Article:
Treatment with denosumab is contraindicated in hypocalcemia, hypoparathyroidism, surgery of the thyroid or parathyroid glands, malabsorption or resection of the small bowel, since there is a higher risk of hypocalcemia; in patients who receive immunosuppressive agents or with a history of immunosuppression and in patients who have severe infections in the context of the treatment. Also, a complete dental examination is indicated before treatment with denosumab.22,23

Osteonecrosis of the jaw (ONJ) associated with denosumab has been described in patients with osteoporosis after a dental extraction, existing a temporal association between the use of the drug and ONJ, as well as between its withdrawal and improvement.24

In addition, in several cases described in the literature, ONJ often appears after a tooth extraction. Although the main risk factors that have been found for ONJ include the use of glucocorticoids, multiple myeloma, chemotherapy, intravenous bisphosphonates and dental pathology or extraction.25

The advantages offered by denosumab include the absence of gastrointestinal side effects and the possibility of use in patients with chronic kidney disease with GFR <30ml/min, with a regular monitoring of vitamin D and calcium levels.26

Cathepsin K inhibitorsOdanacatib

Based on the concept that the protease cathepsin K plays an important role in the enzymatic degradation of the bone, the use of cathepsin K inhibitors has emerged as a new therapeutic approach. Cathepsin K is a key lysosomal enzyme of the activated mature osteoclasts, which inhibits the function of osteoclasts, but preserves their viability.27,28

Odanacatib is, currently, the most potent inhibitor of cathepsin K and the most advanced in clinical research. The oral bioavailability of cathepsin K inhibitors depends on the formulation, being higher than the oral bioavailability of bisphosphonates. It is metabolized by cytochrome P450 enzymes and it can interact with other medications.29,30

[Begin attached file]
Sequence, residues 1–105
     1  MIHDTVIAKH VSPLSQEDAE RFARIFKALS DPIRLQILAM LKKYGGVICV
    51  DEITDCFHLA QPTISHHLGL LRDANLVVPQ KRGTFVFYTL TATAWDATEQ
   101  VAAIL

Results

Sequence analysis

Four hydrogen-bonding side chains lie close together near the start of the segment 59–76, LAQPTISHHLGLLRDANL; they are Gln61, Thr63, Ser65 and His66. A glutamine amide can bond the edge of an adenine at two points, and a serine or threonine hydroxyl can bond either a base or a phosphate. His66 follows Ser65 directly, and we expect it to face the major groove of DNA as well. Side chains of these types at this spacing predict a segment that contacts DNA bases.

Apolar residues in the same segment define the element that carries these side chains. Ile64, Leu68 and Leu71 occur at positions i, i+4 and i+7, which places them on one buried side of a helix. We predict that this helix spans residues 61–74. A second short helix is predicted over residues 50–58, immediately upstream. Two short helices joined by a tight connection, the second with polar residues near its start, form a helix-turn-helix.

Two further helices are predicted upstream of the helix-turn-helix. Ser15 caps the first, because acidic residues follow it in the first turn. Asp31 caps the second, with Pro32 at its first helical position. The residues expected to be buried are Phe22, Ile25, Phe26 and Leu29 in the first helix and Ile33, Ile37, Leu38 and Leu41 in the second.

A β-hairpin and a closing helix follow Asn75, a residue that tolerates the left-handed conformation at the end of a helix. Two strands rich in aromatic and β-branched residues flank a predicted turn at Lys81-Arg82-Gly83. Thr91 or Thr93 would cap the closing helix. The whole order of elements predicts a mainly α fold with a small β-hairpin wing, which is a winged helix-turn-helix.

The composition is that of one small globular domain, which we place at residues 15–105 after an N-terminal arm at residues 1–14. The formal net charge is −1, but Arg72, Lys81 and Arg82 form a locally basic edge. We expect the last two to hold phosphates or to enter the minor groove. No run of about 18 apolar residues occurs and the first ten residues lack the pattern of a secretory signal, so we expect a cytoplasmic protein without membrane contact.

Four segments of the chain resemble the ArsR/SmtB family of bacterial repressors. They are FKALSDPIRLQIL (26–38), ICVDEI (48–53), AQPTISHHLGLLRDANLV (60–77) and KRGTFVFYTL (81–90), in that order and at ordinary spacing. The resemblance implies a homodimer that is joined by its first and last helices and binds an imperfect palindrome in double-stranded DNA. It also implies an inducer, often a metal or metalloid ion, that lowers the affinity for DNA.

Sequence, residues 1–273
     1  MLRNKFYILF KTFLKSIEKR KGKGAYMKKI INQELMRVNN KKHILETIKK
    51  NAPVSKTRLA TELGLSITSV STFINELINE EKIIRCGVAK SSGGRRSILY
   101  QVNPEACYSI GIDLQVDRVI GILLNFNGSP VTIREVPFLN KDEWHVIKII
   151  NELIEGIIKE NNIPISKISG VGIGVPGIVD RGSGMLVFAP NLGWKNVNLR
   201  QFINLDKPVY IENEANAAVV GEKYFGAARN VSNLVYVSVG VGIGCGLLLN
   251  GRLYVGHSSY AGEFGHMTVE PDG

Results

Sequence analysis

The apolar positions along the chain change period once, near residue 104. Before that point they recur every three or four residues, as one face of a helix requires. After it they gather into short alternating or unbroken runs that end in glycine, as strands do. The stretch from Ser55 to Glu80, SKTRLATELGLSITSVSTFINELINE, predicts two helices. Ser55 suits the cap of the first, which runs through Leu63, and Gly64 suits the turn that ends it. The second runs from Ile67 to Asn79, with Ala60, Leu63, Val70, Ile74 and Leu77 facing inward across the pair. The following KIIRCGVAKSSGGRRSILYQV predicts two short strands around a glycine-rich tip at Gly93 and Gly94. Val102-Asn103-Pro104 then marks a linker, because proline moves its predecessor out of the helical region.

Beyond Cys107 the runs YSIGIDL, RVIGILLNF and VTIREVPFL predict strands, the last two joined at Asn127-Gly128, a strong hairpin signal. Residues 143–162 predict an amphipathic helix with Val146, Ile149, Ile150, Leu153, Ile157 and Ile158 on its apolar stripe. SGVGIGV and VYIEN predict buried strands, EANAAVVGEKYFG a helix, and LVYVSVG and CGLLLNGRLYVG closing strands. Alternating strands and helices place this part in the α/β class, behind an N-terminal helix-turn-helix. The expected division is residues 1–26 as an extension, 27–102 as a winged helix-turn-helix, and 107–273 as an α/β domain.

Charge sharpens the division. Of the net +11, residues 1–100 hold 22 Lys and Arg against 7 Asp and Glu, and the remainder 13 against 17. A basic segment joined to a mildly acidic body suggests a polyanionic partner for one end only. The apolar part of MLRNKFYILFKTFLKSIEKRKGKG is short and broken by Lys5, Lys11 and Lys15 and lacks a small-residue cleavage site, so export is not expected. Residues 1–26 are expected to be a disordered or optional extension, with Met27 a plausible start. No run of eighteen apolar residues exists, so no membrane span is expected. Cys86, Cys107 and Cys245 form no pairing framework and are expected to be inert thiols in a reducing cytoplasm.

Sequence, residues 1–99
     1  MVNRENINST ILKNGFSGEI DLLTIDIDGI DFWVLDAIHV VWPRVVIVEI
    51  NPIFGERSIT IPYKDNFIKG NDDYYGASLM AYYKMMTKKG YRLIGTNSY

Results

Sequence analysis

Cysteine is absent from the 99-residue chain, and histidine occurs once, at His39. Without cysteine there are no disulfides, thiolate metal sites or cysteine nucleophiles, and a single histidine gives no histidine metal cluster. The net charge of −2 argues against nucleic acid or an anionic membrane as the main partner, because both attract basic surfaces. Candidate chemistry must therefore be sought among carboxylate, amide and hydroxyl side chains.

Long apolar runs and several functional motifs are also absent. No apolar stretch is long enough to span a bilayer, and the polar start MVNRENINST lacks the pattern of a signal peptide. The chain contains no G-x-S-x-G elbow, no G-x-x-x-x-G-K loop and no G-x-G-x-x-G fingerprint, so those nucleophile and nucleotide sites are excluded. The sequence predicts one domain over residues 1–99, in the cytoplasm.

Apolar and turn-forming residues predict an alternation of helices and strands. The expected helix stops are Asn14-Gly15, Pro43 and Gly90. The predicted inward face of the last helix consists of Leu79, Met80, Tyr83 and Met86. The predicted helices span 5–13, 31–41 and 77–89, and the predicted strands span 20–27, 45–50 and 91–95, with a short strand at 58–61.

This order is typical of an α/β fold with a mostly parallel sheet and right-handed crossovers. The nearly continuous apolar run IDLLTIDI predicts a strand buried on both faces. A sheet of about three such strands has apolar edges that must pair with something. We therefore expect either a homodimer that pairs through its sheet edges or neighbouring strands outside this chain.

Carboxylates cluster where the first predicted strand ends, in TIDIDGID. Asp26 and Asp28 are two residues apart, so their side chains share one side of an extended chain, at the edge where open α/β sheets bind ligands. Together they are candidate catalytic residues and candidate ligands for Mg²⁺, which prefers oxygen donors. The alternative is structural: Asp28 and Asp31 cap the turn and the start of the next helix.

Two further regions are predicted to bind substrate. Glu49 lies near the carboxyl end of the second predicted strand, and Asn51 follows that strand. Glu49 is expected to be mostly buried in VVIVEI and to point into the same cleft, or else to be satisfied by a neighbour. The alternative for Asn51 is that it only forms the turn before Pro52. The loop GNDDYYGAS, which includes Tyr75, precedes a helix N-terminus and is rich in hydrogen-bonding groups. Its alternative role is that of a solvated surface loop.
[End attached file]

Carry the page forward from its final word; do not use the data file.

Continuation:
Phase 1 studies of odanacatib show that oral doses of 50mg and 100mg, once a week, reduce serum concentrations of the C-terminal telopeptide of collagen type 1 (CTXs), a marker of bone resorption, by 62%. Daily administration of odanacatib (10mg) reduces serum concentrations of CTXs by 81%.31

In a Phase 2 study (OCEAN study), weekly oral doses of odanacatib were evaluated in 399 women with postmenopausal osteoporosis. After 24 months, odanacatib (50mg) increased BMD in the lumbar spine by 5.7% and in the total hip by 4.1%, compared with placebo. The suppression of the bone resorption markers was dose-dependent. It is noteworthy that a subgroup of 32 women underwent bone biopsies, followed by histomorphometry, showing as a result a modest and transient reduction of bone formation markers without suppression of the formation rate. The adverse reactions with odanacatib were similar to those with placebo, standing out scleroderma-like lesions.32

The extension of the OCEAN study for 2 years reveals that the inhibition of cathepsin K with odanacatib resulted in a decrease in most resorption markers but did not decrease the bone formation markers. This was associated with an increase in BMD; the effect on the biochemical markers was rapidly reversible after discontinuation of treatment.33

The Phase III (LOFT), randomized, blind, placebo-controlled study, with provisional pre-planned analysis to allow the early termination if there were significant differences, had three primary objectives that were to determine radiological vertebral and hip fractures and non-vertebral clinical fractures. The secondary objectives included increase in BMD, bone turnover markers, and safety and tolerability, including bone histology. The participants were women aged 65 years or older, with a BMD T-score−2.5 in the hip or in the femoral neck or with a vertebral fracture and a T-score−1.5. They were randomized for tablets of odanacatib or placebo.34